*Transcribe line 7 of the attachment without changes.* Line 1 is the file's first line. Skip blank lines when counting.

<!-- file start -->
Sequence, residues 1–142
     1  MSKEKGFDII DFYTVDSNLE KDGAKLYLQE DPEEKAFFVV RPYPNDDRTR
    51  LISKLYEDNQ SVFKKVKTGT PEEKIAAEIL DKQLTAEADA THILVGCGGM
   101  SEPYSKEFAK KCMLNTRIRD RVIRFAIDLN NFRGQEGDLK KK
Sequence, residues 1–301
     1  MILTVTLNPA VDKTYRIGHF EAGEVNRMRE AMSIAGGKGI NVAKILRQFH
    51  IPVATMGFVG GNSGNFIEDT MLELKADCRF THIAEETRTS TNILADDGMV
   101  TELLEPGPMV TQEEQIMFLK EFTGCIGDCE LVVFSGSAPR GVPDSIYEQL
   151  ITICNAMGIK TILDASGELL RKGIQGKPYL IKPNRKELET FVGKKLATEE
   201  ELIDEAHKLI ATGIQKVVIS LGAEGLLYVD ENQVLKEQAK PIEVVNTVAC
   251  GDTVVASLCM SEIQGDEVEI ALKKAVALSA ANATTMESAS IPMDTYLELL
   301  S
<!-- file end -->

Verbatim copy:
    51  IPVATMGFVG GNSGNFIEDT MLELKADCRF THIAEETRTS TNILADDGMV